Ekaterina Dashkova short biography

Ekaterina Dashkova, a brief biography of the princess, daughter of Count Vorontsov is set forth in this article. Ekaterina Dashkova - girlfriend and associate of the future Empress Catherine II, an active participant in the coup of 1762, director of the St. Petersburg Academy of Sciences and president of the Russian Academy

Dashkova Ekaterina Romanovna short biography

On March 17 (28), 1743, Princess Yekaterina Romanovna Dashkova (nee Vorontsova) was born in St. Petersburg.

She received her first education in the house of her uncle, Vice Chancellor Mikhail Illarionovich Vorontsov. Thanks to her love of reading, she became one of the most educated women of her time. Her favorite writers were Montesquieu , Voltaire , Boileau, Helvetius. From an early age, Dashkova was also interested in issues of Russian politics.

In 1758, she met Princess Ekaterina Alekseevna, the future Empress Catherine II. Their rapprochement occurred, including on the basis of literary predilections.

In the years 1769-1782. Dashkova visited Germany, Great Britain, Switzerland, Holland, France, Italy, met with European enlighteners J. J. Russo , Voltaire , D. Didro, V. A. Kaunits, A. Smith.

In 1783, the empress appointed E.R. Dashkova to the post of director of the St. Petersburg Academy of Sciences under the presidency of Count K. Razumovsky. Thus, Dashkova became the first woman in the world to manage the Academy of Sciences. Under her leadership, the collected works of M.V. Lomonosov , the works of S.P. Krasheninnikov, I. I. Lepyokhin were published. Publicly accessible courses in the natural sciences have also been resumed.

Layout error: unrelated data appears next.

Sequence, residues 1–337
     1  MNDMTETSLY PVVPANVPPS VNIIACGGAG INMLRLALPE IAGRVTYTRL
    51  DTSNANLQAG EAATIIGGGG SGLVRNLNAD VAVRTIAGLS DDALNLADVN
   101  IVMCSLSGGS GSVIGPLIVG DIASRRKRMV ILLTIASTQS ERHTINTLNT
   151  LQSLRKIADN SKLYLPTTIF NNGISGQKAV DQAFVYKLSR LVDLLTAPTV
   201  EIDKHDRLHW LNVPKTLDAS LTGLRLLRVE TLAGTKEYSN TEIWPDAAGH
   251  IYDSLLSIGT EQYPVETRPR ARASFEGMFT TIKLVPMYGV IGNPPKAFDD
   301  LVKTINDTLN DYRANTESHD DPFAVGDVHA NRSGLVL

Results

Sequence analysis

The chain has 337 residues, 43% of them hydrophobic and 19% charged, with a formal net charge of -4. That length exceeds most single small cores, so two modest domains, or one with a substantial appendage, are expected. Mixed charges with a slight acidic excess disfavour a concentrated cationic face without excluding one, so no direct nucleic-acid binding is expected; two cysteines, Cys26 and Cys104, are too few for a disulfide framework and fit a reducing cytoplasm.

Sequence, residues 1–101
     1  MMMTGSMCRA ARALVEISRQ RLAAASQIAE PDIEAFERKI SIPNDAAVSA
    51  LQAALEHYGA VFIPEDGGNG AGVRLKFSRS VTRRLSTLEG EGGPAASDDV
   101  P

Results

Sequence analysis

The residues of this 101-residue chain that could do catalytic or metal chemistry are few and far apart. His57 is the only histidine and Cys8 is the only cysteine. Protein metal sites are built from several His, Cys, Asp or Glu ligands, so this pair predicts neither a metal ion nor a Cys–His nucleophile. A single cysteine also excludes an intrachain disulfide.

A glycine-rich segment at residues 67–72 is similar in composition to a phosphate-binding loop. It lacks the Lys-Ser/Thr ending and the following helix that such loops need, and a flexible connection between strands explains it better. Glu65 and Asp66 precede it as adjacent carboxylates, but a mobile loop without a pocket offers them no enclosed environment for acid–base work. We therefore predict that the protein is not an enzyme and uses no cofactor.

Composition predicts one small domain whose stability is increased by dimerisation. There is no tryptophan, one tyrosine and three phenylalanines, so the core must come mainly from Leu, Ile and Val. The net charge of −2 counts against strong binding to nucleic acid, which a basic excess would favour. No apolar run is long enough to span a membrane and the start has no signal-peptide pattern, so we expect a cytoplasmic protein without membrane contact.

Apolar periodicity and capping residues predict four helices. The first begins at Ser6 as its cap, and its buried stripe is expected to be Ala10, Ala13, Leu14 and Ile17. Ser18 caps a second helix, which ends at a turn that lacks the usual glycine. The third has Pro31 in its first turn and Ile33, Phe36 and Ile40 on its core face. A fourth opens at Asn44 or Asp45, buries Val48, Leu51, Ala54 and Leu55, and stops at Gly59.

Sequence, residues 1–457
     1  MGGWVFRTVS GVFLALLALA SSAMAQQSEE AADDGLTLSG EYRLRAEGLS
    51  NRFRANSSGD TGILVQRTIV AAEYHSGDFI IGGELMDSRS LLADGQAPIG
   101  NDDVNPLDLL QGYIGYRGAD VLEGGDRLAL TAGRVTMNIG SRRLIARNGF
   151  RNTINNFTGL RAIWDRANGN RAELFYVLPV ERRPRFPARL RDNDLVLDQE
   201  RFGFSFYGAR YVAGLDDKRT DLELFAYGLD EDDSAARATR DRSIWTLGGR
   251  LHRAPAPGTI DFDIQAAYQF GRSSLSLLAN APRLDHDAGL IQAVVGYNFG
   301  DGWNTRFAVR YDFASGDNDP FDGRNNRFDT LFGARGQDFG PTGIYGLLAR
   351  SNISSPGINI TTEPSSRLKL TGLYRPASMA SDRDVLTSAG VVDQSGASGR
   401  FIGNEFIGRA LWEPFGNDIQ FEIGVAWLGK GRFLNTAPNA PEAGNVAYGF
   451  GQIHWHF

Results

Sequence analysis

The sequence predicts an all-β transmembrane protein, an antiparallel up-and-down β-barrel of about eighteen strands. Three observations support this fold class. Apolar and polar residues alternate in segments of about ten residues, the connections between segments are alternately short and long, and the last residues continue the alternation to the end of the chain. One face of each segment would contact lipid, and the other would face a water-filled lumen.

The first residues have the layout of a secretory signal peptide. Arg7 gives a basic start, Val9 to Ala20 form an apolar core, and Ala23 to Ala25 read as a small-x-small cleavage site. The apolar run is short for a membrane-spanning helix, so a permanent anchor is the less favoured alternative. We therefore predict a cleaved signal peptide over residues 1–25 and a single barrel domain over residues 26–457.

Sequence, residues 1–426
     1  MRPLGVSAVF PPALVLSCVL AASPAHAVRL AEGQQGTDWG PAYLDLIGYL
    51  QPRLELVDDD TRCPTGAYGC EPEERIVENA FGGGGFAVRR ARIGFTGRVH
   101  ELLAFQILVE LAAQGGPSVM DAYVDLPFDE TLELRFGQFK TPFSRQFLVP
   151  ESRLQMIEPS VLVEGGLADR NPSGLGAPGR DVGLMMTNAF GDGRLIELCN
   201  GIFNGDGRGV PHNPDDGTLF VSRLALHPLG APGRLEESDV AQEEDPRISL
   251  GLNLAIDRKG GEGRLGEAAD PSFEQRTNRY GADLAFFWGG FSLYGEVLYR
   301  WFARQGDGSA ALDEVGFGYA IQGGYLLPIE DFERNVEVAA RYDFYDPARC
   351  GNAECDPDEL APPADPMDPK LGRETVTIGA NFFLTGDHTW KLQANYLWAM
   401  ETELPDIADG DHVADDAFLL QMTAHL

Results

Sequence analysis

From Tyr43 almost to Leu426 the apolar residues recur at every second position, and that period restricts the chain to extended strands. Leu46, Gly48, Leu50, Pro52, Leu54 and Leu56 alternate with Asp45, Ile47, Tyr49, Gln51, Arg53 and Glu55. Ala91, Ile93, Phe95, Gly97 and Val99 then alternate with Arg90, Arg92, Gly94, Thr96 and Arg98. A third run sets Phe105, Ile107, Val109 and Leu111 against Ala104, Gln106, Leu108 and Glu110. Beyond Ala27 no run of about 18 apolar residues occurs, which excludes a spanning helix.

In 1783-1784 E. Dashkova led the publication of the interlocutor of lovers of the Russian word.

) 1783 года была учреждена Императорская Российская академия, которая стала центром изучения русского языка и словесности. Also, at its proposal, on September 30 ( October 11 ), 1783, the Imperial Russian Academy was established, which became the center for the study of the Russian language and literature. Dashkova wanted to elevate the Russian language to the rank of the great literary languages ​​of Europe. The main achievement of the Russian Academy was the publication in 1789-1794. the six-volume "Dictionary of the Academy of the Russian", the first explanatory dictionary of the Russian language, in the compilation of which many scientists and writers took part.

In 1794, the tragedy of Y. Knyazhnin, Vadim Novgorodsky, which provoked the wrath of Catherine the Great, was published in the collection The Russian Theater, or the Complete Collection of All Russian Theater Pieces, also published under the leadership of the President of the Russian Academy. Dashkova fell into disgrace and was removed from business. In 1801, upon the accession to the throne of Alexander I, members of the Russian Academy unanimously invited Dashkova to re-occupy the presidency, but she refused.

Recent years, Ekaterina Romanovna spent in work on memoirs. The manuscript "Notes" went abroad and was published in English and French. Dashkova’s memoirs are an important historical document containing a lot of interesting information about the life of the Russian aristocracy of the second half of the 18th century, the coup of 1762, and the Princess’s foreign impressions.

Ekaterina Romanovna Dashkova died in 1810 and was buried in the church of the Life-Giving Trinity in the village of Troitsky in the Kaluga province.

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